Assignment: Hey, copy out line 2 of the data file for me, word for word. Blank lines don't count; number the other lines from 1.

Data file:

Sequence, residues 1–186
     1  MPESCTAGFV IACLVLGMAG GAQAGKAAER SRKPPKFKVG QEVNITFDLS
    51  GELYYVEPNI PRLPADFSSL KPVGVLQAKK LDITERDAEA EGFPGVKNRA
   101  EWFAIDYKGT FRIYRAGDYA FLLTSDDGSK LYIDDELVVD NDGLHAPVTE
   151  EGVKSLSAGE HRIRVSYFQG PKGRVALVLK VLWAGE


     1  MPESCTAGFV IACLVLGMAG GAQAGKAAER SRKPPKFKVG QEVNITFDLS